With over half a million books in print, Christopher Pike—has made a name for himself as a master of the teen horror novel. Since his first novel, Slumber Party was published, Pike produced fiction at a remarkable rate, and novels such as Monster, The Hollow Skull, and The Grave have given thrills and chills to young readers, much to the dismay of conservative parents, who recoil from the graphic violence and references to teen sexuality that are sometimes found in Pike’s books. Praising him as “probably one of the most original and exciting authors of teenage fiction this decade,” Jonathan Weir noted in Books for Keeps that “His writing is flawless, his ideas breathtaking, and there’s a mystique about him that’s hard to pinpoint. He knows what his readers want and never fails to deliver.”

Born in 1961, and starting his writing career after leaving college, Pike did not set out to pen horror novels; he originally wanted to write adult mystery and science fiction, but had little luck getting his book proposals accepted. By chance, an editor at Avon Books read some of his writing and saw enough potential to suggest that the young writer try his hand at a teen thriller. The result was the 1985 novel Slumber Party. He wrote two follow-ups to Slumber Party: Weekend and Chain Letter. By the time Chain Letter appeared, word-of-mouth had made all three books bestsellers and “Christopher Pike” was fast on the way to becoming a publishing phenomenon. While after 2000 Pike moved increasingly into adult novels and fantasy fiction such as the 2004 novel Alosha, his many teen novels continue to attract new fans.Teenagers play a big role in most Christopher Pike novels.

His early books are especially noted for the presence of young female narrators whose observations about people and events are key to the novel’s plotline. Pike explained his use of female narrators to Kit Alderdice of Publishers Weekly: “I romanticize a lot about females because they seem more complex, and because in horror novels, it’s easier for the girl to seem scared.” Scaring the reader is a major goal of Pike’s; he spins plots that often involve such disparate elements as murder, ghosts, aliens, and the occult. Above all, he is savvy about what interests his teen readers, and includes references to current youth culture and concerns in his stories. “Christopher Pike doesn’t talk down to kids; he treats them as individuals,” noted Pat MacDonald in Publishers Weekly, adding: “He writes commercial stories that teens really want to read.” Even with an emphasis on murder and other ghastly deeds, Pike has been praised for inventing well-defined characters whose motivations, good and bad, are examined in detail.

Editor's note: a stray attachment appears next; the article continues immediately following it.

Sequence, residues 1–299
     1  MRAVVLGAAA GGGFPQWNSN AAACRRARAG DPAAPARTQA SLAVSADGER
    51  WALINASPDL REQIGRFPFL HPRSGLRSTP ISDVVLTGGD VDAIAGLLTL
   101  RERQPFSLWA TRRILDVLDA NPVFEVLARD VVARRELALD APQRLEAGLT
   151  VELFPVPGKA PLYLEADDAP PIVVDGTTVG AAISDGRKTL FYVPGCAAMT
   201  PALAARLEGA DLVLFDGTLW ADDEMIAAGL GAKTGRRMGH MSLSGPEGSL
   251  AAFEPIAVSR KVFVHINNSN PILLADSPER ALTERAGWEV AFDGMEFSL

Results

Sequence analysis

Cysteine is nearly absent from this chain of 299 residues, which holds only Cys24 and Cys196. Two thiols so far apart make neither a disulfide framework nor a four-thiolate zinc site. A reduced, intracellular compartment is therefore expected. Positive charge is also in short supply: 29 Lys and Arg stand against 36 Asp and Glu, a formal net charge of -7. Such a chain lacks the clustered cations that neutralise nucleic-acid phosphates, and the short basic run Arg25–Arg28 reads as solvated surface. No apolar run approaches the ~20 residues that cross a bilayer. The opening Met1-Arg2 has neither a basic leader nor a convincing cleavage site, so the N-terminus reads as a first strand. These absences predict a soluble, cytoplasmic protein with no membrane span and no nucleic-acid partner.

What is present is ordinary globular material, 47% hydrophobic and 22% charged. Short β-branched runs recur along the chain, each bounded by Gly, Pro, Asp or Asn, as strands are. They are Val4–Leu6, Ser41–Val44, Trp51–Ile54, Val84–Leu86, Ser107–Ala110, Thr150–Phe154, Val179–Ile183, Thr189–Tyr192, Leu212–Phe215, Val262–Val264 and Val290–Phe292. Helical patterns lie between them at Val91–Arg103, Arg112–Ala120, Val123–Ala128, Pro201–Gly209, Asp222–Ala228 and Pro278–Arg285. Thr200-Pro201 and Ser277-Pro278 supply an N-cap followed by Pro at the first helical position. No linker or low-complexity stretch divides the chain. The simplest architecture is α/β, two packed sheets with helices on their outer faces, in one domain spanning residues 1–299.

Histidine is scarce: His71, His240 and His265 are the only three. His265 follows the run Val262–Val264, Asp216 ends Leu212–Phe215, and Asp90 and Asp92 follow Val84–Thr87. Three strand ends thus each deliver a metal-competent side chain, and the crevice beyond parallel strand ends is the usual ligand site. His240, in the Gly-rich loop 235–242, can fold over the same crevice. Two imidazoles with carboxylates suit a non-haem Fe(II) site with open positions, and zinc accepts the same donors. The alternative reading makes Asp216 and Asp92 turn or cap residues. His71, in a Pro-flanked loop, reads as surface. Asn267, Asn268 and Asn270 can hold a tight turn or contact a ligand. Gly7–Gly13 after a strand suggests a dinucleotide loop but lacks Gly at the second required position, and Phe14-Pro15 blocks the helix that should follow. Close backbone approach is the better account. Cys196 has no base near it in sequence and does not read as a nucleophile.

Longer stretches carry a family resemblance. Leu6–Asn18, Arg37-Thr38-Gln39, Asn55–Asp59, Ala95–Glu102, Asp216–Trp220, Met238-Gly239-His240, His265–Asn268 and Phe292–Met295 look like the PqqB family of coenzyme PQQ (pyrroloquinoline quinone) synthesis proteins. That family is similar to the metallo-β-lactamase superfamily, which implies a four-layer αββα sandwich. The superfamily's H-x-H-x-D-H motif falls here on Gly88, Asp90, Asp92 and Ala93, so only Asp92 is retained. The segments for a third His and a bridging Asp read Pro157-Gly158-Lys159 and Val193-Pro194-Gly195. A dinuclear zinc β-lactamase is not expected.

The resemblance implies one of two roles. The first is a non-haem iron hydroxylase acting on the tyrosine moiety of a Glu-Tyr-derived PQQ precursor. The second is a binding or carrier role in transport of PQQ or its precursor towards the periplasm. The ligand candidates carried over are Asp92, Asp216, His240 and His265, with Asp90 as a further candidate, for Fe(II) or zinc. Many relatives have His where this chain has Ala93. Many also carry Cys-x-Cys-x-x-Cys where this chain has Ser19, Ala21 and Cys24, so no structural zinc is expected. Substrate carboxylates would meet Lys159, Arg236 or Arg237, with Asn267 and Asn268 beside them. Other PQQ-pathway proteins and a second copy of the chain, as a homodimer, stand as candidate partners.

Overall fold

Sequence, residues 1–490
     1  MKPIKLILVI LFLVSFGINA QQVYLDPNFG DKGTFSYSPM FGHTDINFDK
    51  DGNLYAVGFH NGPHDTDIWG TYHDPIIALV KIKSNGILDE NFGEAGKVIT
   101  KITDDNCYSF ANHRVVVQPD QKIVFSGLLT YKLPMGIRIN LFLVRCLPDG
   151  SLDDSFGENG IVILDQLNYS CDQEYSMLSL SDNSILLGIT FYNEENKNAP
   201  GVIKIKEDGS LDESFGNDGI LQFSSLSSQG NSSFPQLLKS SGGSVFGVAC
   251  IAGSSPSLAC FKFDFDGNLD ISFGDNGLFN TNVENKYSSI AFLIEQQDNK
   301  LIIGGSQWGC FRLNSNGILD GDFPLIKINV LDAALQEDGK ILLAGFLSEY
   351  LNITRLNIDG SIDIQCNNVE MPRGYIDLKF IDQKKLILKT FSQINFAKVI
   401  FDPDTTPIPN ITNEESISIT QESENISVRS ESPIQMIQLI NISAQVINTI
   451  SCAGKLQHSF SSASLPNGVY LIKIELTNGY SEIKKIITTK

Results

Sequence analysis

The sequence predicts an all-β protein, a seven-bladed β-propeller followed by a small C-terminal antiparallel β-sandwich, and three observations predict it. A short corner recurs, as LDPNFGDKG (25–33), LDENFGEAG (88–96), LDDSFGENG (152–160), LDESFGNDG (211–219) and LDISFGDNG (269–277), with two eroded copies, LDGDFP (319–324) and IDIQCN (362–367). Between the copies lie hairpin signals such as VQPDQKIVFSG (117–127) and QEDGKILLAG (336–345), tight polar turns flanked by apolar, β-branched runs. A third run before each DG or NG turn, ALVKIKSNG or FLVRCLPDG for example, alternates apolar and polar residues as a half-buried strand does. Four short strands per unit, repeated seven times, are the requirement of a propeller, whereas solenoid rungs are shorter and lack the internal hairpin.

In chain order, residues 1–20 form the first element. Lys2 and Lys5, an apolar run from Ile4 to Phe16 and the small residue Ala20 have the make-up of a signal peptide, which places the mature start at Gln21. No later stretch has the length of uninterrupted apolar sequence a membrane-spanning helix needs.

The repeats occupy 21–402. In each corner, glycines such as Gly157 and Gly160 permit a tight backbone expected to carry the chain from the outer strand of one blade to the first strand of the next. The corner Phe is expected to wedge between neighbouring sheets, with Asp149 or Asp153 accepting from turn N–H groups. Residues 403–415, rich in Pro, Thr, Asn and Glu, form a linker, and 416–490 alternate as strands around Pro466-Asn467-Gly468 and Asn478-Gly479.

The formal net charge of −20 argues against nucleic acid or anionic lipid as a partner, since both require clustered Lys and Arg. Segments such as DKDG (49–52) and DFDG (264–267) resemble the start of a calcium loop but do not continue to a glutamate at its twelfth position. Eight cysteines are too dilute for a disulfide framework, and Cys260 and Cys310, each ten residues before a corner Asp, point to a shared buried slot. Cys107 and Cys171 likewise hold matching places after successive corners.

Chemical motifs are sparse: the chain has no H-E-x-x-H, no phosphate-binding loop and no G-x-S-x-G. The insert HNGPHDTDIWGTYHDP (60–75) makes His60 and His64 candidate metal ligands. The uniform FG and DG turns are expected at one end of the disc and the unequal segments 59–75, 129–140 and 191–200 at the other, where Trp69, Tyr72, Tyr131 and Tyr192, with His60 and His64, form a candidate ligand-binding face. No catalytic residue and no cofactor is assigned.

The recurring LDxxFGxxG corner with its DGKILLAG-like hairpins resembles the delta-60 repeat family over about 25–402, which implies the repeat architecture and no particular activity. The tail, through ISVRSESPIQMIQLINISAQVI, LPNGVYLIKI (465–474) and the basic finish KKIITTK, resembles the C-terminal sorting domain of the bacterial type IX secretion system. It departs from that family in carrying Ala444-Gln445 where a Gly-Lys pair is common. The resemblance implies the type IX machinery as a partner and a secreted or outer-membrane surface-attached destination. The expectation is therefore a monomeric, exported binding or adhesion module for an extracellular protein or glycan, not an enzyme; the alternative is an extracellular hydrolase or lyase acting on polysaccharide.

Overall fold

While the bulk of his books have been geared for teen readers, Pike has also penned several adult novels, including The Cold One and The Blind Mirror. Called a “briskly paced new sci-fi/fantasy/horror endeavor” by a Kirkus Reviews critic, The Cold One focuses on a university graduate student specializing in near-death experiences who comes into contact with an ancient being that sucks the souls out of its victims. Although initially faced with what looks to be a brutal serial killer, Julie and reporter Peter find themselves battling the Cold One, who is able to disguise itself as a human. Incorporating elements of Eastern philosophy, the work is “visceral and intellectually stimulating at the same time,” Tim Sullivan noted in the Los Angeles Times Book Review. Praising such efforts, Sullivan went on to reference a well-known New England writer of the early twentieth century by describing Pike as “a modern [H. P.] Lovecraft, a master of creeping dread relentless disturbing the reader.”

Ultimately, Christopher Pike writes mysteries because he enjoys the work. His attraction to the young-adult genre is partially due to the fact that he finds teenage characters “extreme,” more prone to exaggerated actions and reactions. While he appreciates the celebrity status his readers have given “Christopher Pike,” he also admits there is a down side to literary fame. “A bunch of kids found out where I lived and I had to move,” he told Gamerman. “It spread like a rumor where I was…. It got weird. I have very intense fans.”